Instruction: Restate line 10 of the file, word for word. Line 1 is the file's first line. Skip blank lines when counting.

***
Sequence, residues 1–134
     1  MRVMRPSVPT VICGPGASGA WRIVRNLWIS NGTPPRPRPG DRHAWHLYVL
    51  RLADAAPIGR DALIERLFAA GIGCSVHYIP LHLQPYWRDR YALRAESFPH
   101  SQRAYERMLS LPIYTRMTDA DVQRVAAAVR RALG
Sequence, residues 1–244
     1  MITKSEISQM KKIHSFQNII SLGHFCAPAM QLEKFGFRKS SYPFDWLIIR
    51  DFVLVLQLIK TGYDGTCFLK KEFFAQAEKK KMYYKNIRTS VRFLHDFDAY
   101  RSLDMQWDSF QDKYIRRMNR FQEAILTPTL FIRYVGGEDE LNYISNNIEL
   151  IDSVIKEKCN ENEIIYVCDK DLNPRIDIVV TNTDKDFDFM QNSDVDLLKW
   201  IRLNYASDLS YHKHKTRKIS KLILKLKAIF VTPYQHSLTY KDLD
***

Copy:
   201  IRLNYASDLS YHKHKTRKIS KLILKLKAIF VTPYQHSLTY KDLD